Chocoholics can get their “fix” — plus fiber, iron, and calcium — from a small handful of chocolate-covered nuts instead of a gooey chocolate bar.

Calories saved: 160.


Just love that egg yolk and can’t pass it up?  Swap fried eggs for poached and save a good 50 to 70 calories.


Love egg salad (a Jewish staple for Shabbos in many traditional homes)? Don’t take it out — just lighten it up. Using 4 eggs and 4 egg whites for 7 servings will give you a saving of 34 calories per serving (each egg yolk is 60 kcal).


You absolutely have to have the flavor of frying in oil? Start using oil sprays. One tablespoon of oil has a whopping 120 calories. A 5–7 second spray won’t have more than 3–5 calories. (1/3 second spray has 0 calories.)


Instead of a board of Matzo and cream cheese use low fat cheese with grated apples, cinnamon and vanilla and a touch of sweetener, Calories saved: Over 100; use cucumbers, radishes and/or celery sticks with some garlic, salt and pepper to taste, instead of the apple and you’ll knock off another 55 calories.



EnLITEned Kosher Cooking will enable you adorn your Pesach (Passover) table with the elegance of gourmet, and the warmth of tradition while keeping your family’s bodies and spirits lite. In addition to a beautiful Pesach section and wonderful tips throughout the book, there are more than 140 recipes that are usable for Pesach without any changes.  Click her for the detailed list with page numbers. To order the book and/or receive a faxed copy of the list, go to: www.feldheim.com or call the Feldheim office at: (800) 237-7149 and they will fax a copy.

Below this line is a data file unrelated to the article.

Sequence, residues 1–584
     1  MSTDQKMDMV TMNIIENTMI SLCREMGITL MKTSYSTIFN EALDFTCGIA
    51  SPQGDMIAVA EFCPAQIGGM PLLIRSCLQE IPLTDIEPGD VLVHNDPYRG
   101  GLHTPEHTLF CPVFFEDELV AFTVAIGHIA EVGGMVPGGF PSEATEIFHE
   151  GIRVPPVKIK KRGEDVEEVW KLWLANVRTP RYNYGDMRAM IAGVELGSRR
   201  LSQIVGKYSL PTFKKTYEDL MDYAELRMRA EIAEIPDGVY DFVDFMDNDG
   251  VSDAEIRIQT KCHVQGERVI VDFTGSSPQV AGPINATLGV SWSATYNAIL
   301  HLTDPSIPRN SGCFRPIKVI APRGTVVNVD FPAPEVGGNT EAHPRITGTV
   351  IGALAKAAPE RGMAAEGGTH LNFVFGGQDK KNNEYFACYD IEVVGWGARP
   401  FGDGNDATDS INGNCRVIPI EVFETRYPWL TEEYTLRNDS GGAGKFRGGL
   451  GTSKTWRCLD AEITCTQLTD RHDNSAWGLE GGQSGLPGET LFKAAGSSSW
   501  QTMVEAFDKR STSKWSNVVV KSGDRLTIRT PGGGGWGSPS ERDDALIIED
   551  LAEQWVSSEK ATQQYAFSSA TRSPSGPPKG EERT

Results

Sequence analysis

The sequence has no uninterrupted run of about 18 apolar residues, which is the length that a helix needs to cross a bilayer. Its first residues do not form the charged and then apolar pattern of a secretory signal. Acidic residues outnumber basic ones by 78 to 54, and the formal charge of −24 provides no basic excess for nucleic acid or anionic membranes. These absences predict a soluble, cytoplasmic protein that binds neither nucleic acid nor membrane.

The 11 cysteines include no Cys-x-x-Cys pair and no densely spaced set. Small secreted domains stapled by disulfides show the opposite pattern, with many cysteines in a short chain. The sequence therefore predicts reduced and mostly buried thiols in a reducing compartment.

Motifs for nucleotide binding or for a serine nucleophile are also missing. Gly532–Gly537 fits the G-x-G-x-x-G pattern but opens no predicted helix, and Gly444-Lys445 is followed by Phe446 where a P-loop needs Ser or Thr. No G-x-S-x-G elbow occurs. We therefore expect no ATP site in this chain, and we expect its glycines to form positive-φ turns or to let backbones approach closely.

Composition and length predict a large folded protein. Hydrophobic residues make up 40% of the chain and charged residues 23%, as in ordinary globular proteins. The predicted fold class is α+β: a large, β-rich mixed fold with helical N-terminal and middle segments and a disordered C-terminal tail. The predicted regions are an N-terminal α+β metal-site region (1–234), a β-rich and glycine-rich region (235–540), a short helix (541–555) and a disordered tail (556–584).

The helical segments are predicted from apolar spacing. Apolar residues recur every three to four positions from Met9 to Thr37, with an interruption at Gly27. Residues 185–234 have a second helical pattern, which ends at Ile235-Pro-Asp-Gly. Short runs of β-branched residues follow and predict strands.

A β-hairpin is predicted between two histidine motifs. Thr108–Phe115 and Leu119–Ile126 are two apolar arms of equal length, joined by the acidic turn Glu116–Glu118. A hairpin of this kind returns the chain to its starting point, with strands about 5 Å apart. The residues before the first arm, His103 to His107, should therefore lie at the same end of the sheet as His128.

As one very happy homemaker expressed, “I got this cookbook as a gift, and I must say, it's one of my favorites. The photographs are FABULOUS and the recipes presented very clearly. The ideas are original and really helped to enhance my family's Shabbos and Yom Tov (holiday) meals. I highly recommend this cookbook to anyone who wants to cook healthier yet absolutely delicious food. H L (Jerusalem, Israel)


Although Pesach (Passover) stands for the birth of our people as a nation, it is also a very appropriate time for personal renewal. Let us welcome the springtime this year with a more determined commitment to a healthy lifestyle. Considering the alarming medical facts, preventative health measures are absolutely critical for our own lives and the future of our families. JDA and the EnLITEned Kosher Cooking family would like to wish everyone a happy, kosher and very healthy Pesach!